Yesterday, late afternoon, we went to Upper Canada Village for their version of the a War of 1812 reenactment called the Battle of Crysler’s Farm. There, there were more than double the number of participants we saw in Spencerville. They had full forces fighting for the U.S. side and for the Crown. At dusk the battle began with a cannon barrage. At the time we were eating our dinner and nearly choked on our food when the first cannon went off! After that the two sides moved onto the battlefield with muskets and the infantry battle began. It wasn’t long before the air filled with smoke from the firing muskets. It became very clear (in a smoky way) how difficult it would have been in battle back then. Not just because the muskets’ aim was very imprecise, not just because the soldiers had to wear wool in the heat and humidity of July…but because you can’t bloody well see what you’re shooting at with all that smoke!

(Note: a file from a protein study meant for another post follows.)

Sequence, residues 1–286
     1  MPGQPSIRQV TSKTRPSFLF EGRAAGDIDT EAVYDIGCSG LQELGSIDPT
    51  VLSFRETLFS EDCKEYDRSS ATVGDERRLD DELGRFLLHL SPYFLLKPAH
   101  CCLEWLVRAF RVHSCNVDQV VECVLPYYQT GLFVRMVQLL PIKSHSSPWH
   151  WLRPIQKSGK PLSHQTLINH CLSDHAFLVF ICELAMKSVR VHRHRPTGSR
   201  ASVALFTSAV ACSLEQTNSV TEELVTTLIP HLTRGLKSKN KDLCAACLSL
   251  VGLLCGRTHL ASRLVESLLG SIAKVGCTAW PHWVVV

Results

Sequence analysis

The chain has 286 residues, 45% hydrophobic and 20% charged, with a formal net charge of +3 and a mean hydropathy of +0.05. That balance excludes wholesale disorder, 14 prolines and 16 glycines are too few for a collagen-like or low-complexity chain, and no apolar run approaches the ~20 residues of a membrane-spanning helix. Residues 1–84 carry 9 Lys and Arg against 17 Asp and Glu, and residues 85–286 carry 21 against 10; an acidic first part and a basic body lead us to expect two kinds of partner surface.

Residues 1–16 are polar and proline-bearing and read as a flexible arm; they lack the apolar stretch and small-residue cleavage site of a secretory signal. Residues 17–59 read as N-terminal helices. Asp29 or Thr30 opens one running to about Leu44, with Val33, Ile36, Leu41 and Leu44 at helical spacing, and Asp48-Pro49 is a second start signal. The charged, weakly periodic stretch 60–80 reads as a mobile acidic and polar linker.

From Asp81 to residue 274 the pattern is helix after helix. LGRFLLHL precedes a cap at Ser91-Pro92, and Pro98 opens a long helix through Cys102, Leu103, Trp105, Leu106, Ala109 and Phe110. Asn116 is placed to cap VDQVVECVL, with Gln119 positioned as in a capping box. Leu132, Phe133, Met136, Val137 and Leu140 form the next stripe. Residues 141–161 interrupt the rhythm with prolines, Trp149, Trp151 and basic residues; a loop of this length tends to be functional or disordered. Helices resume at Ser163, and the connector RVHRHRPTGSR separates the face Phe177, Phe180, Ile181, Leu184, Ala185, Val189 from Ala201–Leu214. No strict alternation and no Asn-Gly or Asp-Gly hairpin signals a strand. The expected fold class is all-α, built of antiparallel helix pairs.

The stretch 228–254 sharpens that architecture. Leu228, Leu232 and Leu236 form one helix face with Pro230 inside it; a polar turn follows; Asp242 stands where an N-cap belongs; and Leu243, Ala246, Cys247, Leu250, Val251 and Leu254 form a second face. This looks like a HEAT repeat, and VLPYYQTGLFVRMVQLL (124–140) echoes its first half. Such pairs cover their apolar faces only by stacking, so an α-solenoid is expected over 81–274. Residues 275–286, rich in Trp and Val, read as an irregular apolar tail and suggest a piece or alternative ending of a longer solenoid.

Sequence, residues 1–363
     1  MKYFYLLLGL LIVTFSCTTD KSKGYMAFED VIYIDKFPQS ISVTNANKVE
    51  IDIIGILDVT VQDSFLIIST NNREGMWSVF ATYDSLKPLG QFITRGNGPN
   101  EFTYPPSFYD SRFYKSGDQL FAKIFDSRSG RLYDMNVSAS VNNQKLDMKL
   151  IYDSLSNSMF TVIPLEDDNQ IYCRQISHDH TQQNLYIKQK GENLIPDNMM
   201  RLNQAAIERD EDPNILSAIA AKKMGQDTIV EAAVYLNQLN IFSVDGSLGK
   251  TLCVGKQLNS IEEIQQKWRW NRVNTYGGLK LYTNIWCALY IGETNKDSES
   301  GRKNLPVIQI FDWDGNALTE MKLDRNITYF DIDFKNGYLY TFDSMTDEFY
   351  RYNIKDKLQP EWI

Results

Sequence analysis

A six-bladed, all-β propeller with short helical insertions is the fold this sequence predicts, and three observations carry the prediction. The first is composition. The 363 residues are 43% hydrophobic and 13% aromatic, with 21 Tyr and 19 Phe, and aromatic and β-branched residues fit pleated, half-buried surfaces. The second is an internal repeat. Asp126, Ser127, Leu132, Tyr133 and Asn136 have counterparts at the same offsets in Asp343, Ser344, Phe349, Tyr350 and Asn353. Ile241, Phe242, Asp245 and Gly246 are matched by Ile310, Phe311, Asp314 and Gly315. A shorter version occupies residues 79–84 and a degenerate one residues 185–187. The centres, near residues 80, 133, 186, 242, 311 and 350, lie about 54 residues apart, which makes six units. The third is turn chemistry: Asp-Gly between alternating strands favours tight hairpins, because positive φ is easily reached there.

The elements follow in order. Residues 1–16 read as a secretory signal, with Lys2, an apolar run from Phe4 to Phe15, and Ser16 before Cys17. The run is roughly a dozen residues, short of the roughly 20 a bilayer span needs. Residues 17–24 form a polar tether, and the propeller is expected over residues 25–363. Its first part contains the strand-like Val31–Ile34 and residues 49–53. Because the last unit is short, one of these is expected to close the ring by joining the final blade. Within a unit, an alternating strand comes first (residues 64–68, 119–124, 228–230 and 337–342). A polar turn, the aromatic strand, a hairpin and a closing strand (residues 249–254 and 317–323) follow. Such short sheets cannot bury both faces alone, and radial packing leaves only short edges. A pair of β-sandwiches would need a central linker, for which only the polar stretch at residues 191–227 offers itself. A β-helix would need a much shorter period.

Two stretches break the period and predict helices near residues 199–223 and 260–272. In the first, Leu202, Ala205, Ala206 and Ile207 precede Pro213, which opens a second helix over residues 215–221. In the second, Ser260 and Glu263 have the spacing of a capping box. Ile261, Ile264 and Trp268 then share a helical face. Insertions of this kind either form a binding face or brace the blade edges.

It all ended well anyway. The Crown forces managed to move forward and keep the Americans back…true to history. It will be interesting to see how the story ends in Sackets Harbor on the American side. We will be going there in a few weeks and the kids are already excited. First because it’s their first trip to the United States, and also because they get to see yet another battle. My daughter has asked me to sew her a period dress for the event. Gulp. We’ll have to see about that.

I’ll leave you with some photos of the events from last night. Have a wonderful week.

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A Drive to Spencerville